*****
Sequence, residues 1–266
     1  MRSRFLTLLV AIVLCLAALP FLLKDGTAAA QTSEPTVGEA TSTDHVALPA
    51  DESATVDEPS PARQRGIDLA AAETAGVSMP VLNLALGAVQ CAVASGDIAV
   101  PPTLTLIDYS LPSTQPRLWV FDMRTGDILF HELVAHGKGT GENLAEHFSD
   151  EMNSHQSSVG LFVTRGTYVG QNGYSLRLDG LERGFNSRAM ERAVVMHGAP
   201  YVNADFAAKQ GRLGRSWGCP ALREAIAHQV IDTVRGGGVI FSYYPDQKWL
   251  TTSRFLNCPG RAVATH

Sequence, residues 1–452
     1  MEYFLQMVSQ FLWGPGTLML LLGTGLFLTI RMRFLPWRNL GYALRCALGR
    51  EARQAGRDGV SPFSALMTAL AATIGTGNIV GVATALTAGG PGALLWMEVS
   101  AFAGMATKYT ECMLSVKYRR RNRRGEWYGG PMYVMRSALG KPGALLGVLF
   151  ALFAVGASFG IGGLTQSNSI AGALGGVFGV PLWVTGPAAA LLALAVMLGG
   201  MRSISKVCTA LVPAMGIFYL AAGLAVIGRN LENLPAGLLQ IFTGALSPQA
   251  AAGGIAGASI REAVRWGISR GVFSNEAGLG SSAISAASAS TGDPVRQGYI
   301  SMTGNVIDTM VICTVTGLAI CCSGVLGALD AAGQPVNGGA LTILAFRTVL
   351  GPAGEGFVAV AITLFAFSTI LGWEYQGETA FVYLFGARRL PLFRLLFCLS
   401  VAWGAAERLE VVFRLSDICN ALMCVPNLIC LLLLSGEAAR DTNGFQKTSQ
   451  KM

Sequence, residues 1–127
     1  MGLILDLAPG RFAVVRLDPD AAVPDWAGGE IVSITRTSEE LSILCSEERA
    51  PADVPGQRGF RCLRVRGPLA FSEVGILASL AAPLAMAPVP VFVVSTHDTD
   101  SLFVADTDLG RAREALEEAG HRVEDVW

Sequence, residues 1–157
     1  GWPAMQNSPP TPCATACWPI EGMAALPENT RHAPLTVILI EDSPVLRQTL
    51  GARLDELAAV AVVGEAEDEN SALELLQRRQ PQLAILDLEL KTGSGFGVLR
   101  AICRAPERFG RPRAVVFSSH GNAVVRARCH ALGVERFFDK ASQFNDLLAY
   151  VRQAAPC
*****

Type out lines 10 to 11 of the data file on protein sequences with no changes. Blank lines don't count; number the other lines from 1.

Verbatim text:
    51  EARQAGRDGV SPFSALMTAL AATIGTGNIV GVATALTAGG PGALLWMEVS
   101  AFAGMATKYT ECMLSVKYRR RNRRGEWYGG PMYVMRSALG KPGALLGVLF